A few days ago, Malaysia’s economic affairs minister Datuk Seri Azmin Ali announced the postponement of the KL-Singapore High Speed Rail (HSR) project, a deferral which will be in effect until May 31, 2020. It has now been revealed that the Pakatan Harapan government will reimburse Singapore with S$15 million (RM45.1 million) following the two-year suspension, The Star reports.

While both Malaysia and Singapore have mutually agreed to suspend the project on the reimbursement amount, Azmin Ali declined to reveal the cost the government would have to pay should the project be cancelled later on. However, early estimates pin the figure around the RM500 million mark, a sum which is to be paid to Singapore if the HSR is scrapped.

“We also discussed what would happen in the event that we cancel the project. But I don’t think I want to jump to a conclusion because the agreement signed [on the suspension] clearly states our commitment to continuing with the project after May 2020,” Azmin Ali said at a press conference with Singapore’s transport minister Khaw Boon Wan recently.

The two had agreed and signed to vary the HSR Bilateral Agreement, one which will see the HSR service begin operations by January 1, 2031 instead of December 31, 2026, as planned earlier. The S$15 million will be paid by end-January 2019.

“This agreement would not have happened if not for our strong commitment to strong bilateral cooperation between our two countries. I am confident that this spirit will see us through to the final conclusion of the HSR project,” Azmin Ali noted.

Khaw said although the HSR Bilateral Agreement had no provision for suspension, this was agreed upon in the spirit of bilateral cooperation. He also said Singapore remains committed to the project, adding that the sub 400 km distance between the two capitals were seen by industry experts as a sweet spot.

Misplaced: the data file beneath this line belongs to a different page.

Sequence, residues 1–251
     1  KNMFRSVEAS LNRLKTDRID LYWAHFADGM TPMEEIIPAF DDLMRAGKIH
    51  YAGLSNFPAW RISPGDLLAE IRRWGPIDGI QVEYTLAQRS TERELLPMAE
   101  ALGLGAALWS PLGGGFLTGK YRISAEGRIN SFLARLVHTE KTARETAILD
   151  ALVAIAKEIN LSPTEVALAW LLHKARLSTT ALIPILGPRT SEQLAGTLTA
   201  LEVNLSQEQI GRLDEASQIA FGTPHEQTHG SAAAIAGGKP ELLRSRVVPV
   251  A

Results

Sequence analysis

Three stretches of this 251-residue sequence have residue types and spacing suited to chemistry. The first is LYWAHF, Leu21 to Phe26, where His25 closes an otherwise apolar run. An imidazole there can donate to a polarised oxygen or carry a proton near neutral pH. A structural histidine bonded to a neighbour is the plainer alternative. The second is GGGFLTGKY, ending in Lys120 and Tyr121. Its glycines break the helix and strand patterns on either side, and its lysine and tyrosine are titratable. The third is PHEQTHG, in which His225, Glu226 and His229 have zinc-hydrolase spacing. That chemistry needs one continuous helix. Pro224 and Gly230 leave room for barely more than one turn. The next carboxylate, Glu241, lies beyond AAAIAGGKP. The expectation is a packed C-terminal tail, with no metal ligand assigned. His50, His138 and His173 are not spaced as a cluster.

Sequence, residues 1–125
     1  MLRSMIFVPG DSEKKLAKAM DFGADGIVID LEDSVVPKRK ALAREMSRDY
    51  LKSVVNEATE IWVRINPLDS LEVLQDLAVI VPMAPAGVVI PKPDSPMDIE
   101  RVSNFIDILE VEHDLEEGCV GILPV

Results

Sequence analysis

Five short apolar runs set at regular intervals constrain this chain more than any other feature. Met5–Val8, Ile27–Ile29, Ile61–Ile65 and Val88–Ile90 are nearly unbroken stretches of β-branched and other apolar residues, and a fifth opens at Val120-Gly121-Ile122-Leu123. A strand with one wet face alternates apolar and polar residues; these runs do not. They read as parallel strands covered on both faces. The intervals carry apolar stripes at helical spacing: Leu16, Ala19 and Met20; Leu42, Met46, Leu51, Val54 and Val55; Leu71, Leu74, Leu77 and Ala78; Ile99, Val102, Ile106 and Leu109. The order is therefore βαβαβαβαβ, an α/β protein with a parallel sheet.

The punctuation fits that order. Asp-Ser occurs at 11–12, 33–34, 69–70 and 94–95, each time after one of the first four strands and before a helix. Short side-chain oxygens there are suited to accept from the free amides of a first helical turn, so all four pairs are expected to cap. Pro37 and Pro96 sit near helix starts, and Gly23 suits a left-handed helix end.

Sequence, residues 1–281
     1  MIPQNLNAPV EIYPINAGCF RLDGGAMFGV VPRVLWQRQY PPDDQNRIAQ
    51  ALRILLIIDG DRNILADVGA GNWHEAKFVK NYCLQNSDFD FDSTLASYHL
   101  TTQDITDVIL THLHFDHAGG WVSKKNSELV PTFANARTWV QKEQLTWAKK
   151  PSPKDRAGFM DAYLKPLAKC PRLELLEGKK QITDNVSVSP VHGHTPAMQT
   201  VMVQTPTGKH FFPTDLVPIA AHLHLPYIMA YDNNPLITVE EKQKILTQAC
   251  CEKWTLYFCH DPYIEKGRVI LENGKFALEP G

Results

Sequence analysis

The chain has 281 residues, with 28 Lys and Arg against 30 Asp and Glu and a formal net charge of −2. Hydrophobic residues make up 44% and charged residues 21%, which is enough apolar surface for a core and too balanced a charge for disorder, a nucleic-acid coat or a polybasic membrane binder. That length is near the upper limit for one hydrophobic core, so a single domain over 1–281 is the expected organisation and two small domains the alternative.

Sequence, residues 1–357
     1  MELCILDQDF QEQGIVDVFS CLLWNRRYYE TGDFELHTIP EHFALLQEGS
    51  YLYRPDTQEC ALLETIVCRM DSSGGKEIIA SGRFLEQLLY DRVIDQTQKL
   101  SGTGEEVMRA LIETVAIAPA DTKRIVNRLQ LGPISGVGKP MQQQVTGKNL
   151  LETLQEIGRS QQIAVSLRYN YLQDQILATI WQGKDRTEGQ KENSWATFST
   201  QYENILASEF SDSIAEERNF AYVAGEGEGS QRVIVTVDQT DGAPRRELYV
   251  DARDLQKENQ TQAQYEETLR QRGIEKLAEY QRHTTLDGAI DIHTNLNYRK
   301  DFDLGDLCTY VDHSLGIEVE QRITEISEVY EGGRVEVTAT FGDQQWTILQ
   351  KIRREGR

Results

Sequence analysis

“If cities are too far away, people would rather fly; if they are too near, they just take the road. But 400 km represents a kind of sweet spot. Singaporeans are looking forward to the realisation of this project,” Khaw added.

On the reimbursement, Khaw said the suspension involved abortive costs due to contractual delays. “As almost the entire stretch of the HSR part in Singapore will be underground, utility services such as gas and water pipes as well as electricity cables have to be diverted and we have already started doing that. All those things mean cost,” he said.

However, should the project be terminated, Khaw said the payment would be for costs incurred by his government for fulfilling its obligations under the HSR Bilateral Agreement up to yesterday’s suspension.

The design concept for the Bandar Malaysia station in Kuala Lumpur

“That will be a larger quantum and again, there will be a careful, thorough exercise between the technical people from both sides, going through items and details so that the figures we reach is something that we can defend to our taxpayers,” he said.

Apparently, Azmin Ali said Malaysia initially wanted to postpone the project by up to four years based on current economic conditions, but Khaw said Singapore was only willing to consider a year. “We know that if the deferment period is beyond two years, the business model will change and the cost will continue to escalate. Based on our negotiations, we have mutually agreed on the deferment period,” Azmin Ali said.

Khaw said while Singapore und­erstood why Putrajaya needed to suspend the project, the period of how long this should be would affect the countries and the project itself.

“When you talk about a year-long deferment, it actually means several years of postponing the commencement of the project. When we studied this project, we considered the cost, how much revenue we could take in and whether the project was viable. When we talked about pushing the project into the future, the projections became more and more uncertain. But we finally came to an agreement of May 2020 and we think this is a suspension period which we can try to manage,” Khaw explained.